In October 2022 there was another surprise announcement involving Klein. Credit Suisse announced that it was getting out of the investment banking business, reversing a nearly forty-year strategic thrust that started when the bank first invested in what was known as First Boston, once an important Wall Street firm. Now it was spinning off CS First Boston into an independent investment bank and Klein was stepping down from the board of Credit Suisse and advising it on the spinoff. I’m told a group of Credit Suisse managing directors, gathered in March 2022 at the Breakers in Palm Beach, came up with the spinoff plan. Some of them think Klein “hijacked” the idea; a more charitable framing would be to say that he “adopted it” as his own. Klein’s spokesman said that Credit Suisse management and the Credit Suisse board came up with the idea of spinning off First Boston, along with M&A advisors at Centerview Partners, and that Klein worked on the idea, along with Blythe Masters, as part of the subcommittee of the board tasked with exploring it.
In any event, Klein “pushed it through at the board level,” one banker told me. The bank also announced it was commencing a lifesaving rights offering for an infusion of much-needed capital after a series of self-inflicted scandals badly tarnished the bank’s image. One of the investors in the rights offering turned out to be the Saudi National Bank, which is 37 percent owned by al-Rumayyan’s Saudi Public Investment Fund.
Four months later, in February 2023, Credit Suisse dropped yet another Michael Klein bombshell. The bank announced that it was buying Klein’s forty-person advisory boutique for $175 million, $75 million in cash and the remaining amount in an interest-bearing note convertible into equity in the new CS First Boston investment bank. (The purchase price for Klein’s firm was negotiated after Deutsche Bank performed an independent evaluation of it on behalf of Credit Suisse; I’m told the $175 million price tag was at the low end of Deutsche’s valuation range.)
What’s more, Credit Suisse announced that as part of the transaction Klein would become CEO of banking at Credit Suisse and CEO of its Americas operation, as well as joining the bank’s executive board, reporting to CEO Ulrich Körner. He was also designated as CEO of the newly created CS First Boston investment bank, when (and if) it ever came to fruition. It turns out that Credit Suisse had also paid Klein a $10 million fee for his advice on the whole package of strategic announcements.
Klein put together a PowerPoint presentation about the new First Boston for the Credit Suisse investment bankers — the “Acquisition of M. Klein & Company reaffirms and further credentializes [sic] unwavering commitment to First Boston,” he wrote — and made water bottles and T-shirts emblazoned with the logo “#backtofirst.”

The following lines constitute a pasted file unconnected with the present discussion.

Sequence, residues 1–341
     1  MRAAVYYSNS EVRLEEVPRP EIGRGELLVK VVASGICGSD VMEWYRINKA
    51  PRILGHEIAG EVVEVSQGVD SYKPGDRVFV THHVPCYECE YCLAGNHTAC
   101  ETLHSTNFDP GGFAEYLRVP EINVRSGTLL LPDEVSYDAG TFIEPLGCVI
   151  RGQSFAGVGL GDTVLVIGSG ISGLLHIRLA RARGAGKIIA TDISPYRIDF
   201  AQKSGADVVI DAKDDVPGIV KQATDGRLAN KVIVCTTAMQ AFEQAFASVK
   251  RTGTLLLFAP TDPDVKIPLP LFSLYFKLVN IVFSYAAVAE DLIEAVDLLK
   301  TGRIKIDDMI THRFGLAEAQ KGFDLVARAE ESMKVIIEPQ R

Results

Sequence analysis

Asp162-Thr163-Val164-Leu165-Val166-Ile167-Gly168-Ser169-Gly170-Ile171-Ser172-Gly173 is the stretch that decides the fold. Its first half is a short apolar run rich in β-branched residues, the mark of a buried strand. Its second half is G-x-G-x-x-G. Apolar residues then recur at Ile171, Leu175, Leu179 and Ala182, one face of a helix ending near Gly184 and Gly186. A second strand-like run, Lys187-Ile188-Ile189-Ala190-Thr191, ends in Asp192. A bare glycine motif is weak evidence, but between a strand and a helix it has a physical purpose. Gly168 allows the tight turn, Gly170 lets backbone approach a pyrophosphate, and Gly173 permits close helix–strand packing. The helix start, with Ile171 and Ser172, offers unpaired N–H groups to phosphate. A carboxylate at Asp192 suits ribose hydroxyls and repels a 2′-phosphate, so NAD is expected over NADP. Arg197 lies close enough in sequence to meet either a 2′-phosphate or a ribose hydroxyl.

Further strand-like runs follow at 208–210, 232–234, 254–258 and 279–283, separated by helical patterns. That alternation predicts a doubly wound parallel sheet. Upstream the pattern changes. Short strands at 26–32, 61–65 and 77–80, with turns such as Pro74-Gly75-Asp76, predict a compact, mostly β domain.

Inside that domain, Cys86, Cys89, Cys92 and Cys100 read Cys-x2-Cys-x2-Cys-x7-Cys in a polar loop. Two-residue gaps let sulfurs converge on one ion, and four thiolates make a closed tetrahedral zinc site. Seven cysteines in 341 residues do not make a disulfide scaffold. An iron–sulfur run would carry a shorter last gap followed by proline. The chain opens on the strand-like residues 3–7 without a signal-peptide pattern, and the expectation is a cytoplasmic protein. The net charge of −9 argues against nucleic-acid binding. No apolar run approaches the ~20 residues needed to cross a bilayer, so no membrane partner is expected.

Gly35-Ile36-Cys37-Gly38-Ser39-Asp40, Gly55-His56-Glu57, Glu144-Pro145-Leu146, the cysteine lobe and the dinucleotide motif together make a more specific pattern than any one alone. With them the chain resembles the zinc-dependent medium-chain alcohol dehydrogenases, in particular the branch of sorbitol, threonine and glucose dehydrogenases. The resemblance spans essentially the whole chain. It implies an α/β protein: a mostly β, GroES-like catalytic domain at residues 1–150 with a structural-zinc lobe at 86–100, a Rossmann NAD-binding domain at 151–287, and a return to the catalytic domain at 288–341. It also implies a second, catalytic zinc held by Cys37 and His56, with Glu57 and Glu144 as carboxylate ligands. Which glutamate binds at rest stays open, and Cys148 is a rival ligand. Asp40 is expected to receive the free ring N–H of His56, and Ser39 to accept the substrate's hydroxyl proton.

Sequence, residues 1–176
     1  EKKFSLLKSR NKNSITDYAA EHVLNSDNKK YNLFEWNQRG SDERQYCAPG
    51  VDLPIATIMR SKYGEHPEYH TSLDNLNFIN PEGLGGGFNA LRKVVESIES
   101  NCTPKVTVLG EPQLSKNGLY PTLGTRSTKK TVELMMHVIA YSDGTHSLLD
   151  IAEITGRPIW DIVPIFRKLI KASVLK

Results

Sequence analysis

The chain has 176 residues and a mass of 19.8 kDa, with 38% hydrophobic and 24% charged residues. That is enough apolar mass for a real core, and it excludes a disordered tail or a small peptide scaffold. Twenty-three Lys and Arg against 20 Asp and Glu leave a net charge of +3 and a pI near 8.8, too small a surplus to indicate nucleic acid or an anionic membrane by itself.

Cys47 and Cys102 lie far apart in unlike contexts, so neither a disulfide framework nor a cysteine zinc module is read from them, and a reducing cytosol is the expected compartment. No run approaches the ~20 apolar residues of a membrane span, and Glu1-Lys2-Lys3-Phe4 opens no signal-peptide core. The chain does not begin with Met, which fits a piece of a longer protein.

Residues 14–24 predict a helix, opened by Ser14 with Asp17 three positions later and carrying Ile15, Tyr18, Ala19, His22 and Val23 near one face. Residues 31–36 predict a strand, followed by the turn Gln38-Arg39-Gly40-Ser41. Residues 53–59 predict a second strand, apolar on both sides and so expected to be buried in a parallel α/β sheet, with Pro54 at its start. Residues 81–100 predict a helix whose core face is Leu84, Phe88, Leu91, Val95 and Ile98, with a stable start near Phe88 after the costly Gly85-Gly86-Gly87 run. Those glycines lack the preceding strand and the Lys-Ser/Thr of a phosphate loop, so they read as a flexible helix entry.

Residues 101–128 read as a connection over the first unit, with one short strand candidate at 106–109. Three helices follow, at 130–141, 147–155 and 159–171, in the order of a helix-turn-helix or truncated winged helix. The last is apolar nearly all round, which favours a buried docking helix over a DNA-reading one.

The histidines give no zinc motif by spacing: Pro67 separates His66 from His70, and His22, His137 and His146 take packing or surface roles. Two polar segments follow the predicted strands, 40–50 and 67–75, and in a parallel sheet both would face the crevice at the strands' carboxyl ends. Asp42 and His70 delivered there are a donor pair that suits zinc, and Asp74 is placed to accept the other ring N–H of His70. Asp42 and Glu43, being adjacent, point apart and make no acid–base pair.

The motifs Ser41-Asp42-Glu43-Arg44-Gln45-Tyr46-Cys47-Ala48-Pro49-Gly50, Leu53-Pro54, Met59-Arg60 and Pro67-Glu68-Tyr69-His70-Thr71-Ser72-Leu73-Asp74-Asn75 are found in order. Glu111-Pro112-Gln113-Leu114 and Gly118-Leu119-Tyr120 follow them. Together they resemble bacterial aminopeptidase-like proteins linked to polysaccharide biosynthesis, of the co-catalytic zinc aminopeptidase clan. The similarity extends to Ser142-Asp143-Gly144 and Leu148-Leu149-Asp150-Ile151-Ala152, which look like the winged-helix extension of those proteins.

“There were a few people who knew what he was about, who were a bit queasy about him,” explained one Credit Suisse banker who has known Klein a long time. “But at the same time, it was like maybe you have this kind of charismatic leader; he needs us to get rich and we need him to help carve it out to the Swiss and so on… But for most of the rank and file, who hadn’t really known him or seen him over the years, they thought this guy was great, like an inspirational kind of guy. As a salesman, this guy is awesome. When he gets up on the stage there and he’s throwing around the football with the brand, he was loving it.”
By early March, a month later, according to my Wall Street sources, along with Credit Suisse, Klein was busy trying to raise new capital of more than $500 million for CS First Boston, with private-equity firms Apollo Global Management, Standard Chartered and Atlas Merchant Capital expressing interest in investing. I’m told Klein approached Bob Diamond, the former CEO of Barclays who now runs Atlas, about investing in the revived First Boston and then “ghosted him,” according to a banker familiar with what happened. (Diamond did not respond to an email seeking comment.) Klein told Credit Suisse bankers the money he needed to stand up an independent First Boston was basically circled. “I’ve got all this money,” Klein told the Credit Suisse bankers, one remembered. “It’s already raised.” But Klein didn’t have the money, and his assurances were premature.
Klein met with 300 of the bank’s managing directors, in New York, to give them a sense of how he intended to run the independent First Boston. The new boutique would provide mergers and acquisition advice and debt and equity underwriting as well as offer leveraged finance. Sales and trading would potentially be set up as a joint venture with Credit Suisse. “You guys are the luckiest people on the planet,” Klein told the Credit Suisse bankers. “You’re with me. You had the opportunity to carve out the independent First Boston. This is better than being at Goldman before the IPO. This is the greatest.”